Tuesday, July 28, 2015

On Superstition

People who know me would tell you that I have a good head on my shoulders. I'm always calm, eminently rational, and have a broad outlook that serves to keep me and those around me on an even keel. People who have known me for a very long time, especially people who for whatever reason have been reading my online ramblings since I was a teenager, could also tell you that one of my favorite themes when I write about myself and my life is that I am suspicious of expressing my emotions: I'm afraid I'll jinx things if I verbalize hopes or fears. For all of my level-headedness I'm bizarrely superstitious.

To wit: I am actually writing this on Monday, July 27th at 10am, about 36 hours before I get some important news. Partly, I am writing this because the spirit has so moved me, but I'm also writing it in this moment because deep in my heart of hearts I'm hoping that I am somehow jinxing the outcome--that by writing about impending bad news that I am short-circuiting the universe and will actually end up getting good news tomorrow, that by affirming and acknowledging and putting effort into recognizing the bad news the universe will instead decide to be contrary and give me good news instead.

Obviously, since this has been published and you are reading it (and because jinxes do not exist and things like "writing blog posts" do not actually impact physical outcomes), the news was still bad.

I've had a second miscarriage. My second in a row.

I thought I'd be safe this time. I don't know why, maybe because this time I actually wanted to be pregnant and magical thinking is a powerful force. Statistics are just numbers, and even when the odds are low there always has to be someone who comprises the outliers. Both of my miscarriages were "silent", or "missed". This means that the fetus inside of me stopped growing and my body didn't notice. Last time it was detected at 14 weeks. This time it was detected at 10 weeks. These are quite rare--1% of pregnancies end in a silent miscarriage, and I'm now part of the 1% twice. It seemed so unlikely, you know? I figured if I was going to miscarry this time, I'd know. The pregnancy to this point had been so perfectly textbook, I assumed I'd have a textbook miscarriage as well, if it was going to happen.

There is no one and nothing to blame, these things just happen and it's no one's fault. And yet I firmly believe that this was somehow jinxed. I was too overconfident this time, despite knowing that having a prior miscarriage increases the likelihood of having another one. I blame myself for telling too many people before having a confirmatory ultrasound. I blame The Buddy for buying pacifiers when they were on sale the week after I got a positive test. Those little omens of hope and possibility were obviously an affront to the fertility odds. I blame my coworkers for "betting" on me to be the next one to get pregnant, and for telling me that I was the front runner the very day I took the pregnancy test. I blame my dad for telling our favorite waitress at our regular restaurant about my pregnancy the day before I went in for my appointment last week--why oh why would we tell people before I saw the doctor? But mostly I just blame myself for getting excited. I shouldn't have.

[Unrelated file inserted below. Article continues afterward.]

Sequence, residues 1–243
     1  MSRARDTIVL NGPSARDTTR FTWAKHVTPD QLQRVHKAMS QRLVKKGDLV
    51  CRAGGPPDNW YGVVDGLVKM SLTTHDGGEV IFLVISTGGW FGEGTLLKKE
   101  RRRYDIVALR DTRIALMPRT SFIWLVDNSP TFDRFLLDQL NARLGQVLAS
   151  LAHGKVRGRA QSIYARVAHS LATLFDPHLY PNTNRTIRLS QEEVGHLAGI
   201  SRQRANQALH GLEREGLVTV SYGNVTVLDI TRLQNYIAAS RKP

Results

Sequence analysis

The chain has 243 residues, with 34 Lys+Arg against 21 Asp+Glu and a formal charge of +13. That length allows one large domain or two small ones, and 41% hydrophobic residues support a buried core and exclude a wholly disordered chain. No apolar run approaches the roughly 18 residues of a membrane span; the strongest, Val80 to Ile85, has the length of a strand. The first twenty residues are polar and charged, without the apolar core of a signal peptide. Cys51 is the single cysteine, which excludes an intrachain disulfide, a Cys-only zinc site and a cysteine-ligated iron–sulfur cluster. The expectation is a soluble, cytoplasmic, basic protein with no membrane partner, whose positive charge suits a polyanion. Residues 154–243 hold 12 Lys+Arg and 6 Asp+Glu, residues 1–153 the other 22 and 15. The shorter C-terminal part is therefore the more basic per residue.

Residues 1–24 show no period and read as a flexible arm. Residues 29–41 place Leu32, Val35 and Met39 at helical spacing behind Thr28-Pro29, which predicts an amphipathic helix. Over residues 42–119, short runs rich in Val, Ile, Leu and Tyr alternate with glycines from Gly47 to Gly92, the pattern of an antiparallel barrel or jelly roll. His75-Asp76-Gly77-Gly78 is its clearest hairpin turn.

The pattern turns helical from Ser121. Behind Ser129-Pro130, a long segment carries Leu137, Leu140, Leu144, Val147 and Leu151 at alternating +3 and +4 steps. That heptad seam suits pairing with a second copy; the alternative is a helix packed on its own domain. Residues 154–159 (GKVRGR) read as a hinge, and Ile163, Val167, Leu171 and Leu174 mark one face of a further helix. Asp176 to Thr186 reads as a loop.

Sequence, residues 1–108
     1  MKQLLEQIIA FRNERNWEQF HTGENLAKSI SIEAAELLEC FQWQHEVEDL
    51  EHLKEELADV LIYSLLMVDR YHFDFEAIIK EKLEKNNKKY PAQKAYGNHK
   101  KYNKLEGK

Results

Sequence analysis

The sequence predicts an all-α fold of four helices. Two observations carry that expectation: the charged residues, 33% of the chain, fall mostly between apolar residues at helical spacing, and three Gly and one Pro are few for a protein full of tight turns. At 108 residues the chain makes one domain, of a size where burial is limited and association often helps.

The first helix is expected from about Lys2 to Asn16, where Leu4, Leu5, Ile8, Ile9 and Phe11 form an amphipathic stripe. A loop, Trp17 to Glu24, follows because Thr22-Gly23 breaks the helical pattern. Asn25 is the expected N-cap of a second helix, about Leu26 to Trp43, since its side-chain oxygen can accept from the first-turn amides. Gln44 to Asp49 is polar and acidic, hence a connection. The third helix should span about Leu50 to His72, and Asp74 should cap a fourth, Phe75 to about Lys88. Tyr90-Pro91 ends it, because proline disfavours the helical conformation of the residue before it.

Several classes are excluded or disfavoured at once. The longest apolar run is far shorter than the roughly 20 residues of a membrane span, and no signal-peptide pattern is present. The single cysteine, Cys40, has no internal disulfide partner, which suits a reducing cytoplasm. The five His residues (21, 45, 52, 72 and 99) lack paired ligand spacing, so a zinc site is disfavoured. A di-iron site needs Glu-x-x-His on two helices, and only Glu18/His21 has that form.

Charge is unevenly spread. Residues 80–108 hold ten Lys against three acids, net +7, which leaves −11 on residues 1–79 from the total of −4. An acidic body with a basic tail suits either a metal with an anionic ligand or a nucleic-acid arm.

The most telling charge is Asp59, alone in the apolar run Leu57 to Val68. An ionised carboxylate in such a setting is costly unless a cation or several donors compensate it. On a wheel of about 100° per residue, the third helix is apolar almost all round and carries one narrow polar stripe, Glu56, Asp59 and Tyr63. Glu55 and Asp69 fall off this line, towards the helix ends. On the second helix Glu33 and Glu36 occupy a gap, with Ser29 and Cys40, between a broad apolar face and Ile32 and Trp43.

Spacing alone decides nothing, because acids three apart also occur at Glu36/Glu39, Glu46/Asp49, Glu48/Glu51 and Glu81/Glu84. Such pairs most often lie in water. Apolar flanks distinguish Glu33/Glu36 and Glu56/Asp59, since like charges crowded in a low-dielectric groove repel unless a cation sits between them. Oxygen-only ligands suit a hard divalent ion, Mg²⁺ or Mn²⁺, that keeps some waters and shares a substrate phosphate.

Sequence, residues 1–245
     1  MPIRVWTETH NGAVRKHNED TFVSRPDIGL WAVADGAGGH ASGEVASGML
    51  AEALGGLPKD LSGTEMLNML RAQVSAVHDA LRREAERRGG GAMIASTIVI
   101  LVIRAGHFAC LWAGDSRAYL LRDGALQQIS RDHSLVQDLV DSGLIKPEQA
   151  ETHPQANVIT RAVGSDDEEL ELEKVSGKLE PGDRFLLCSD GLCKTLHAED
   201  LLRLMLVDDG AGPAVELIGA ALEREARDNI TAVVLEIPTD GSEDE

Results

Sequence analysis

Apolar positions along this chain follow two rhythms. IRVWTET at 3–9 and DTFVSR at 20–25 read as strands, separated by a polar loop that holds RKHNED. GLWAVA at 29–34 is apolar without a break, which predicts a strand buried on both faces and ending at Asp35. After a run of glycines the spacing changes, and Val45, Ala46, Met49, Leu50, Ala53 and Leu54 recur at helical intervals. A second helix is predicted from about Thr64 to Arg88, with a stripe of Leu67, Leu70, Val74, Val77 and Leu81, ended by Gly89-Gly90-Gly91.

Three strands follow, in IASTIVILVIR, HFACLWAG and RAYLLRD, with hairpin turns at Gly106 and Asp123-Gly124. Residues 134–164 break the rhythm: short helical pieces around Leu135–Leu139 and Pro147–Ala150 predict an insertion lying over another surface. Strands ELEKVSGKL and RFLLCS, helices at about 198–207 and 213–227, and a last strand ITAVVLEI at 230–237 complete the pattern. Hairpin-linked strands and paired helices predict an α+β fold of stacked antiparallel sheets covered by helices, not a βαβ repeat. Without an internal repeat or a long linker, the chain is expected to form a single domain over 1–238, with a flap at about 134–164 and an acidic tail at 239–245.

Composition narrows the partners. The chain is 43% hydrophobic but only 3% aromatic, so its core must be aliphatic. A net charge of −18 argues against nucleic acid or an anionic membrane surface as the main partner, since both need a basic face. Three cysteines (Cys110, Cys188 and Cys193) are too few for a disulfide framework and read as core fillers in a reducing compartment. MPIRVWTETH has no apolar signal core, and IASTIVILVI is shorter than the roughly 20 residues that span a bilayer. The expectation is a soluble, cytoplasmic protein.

We're just going to wait this one out. We are still fighting with the hospital and my insurance company about the D&C I had oh, right around this time last year. The fetus was underdeveloped enough that it won't be dangerous to me when my body finally does recognize that nothing is actually happening in there and we really don't want to have to deal with the medical bills again.

At least, that's what my brain is saying to rationalize just waiting it out. One more small bit of superstition: despite the cold, hard evidence from the ultrasounds and the sad and serious look on my doctor's face, despite the hormone levels in my blood telling us that this is another failed pregnancy, I am still holding out hope. One of our best and favorite stories from the family lore is of the gestation and birth of my little sister. When my mom had gone in for an ultrasound they'd seen bad news: a tiny blob with no heartbeat, a miscarriage. Ever the frugal robots, my parents chose to forgo the surgical removal option and just let nature take its course, and miracle of miracles, Seester ended up being alive and well. The heartless blob was a tiny, benign tumor and Fetal-Seester was hiding somewhere, being sneaky. If you've ever heard me call her "Tumor", now you know why.

And so, not because I am a frugal robot but because I am a mess of sadness, emotion, and superstition we've decided to just let nature take its course. I'm not entirely sure what that's going to entail, but I have a couple weeks until school starts again to get through it and get in a better head space.

The grief is a little less than last time, but the anger is greater. I'm angry with the universe that this happened to me again, even though it was so unlikely, and I'm extremely angry with the sheer biology of pregnancy. I have been very sick and very tired for the last two and a half months. I've been throwing up multiple times a day, constantly nauseated to the point where I would just curl into a little ball and cry, and so fatigued that I could barely make it through a single work shift, and now I don't even get a baby out of the deal. It is so, ridiculously unfair that the first trimester can be so awful and life-ruining and end in merely a whimper.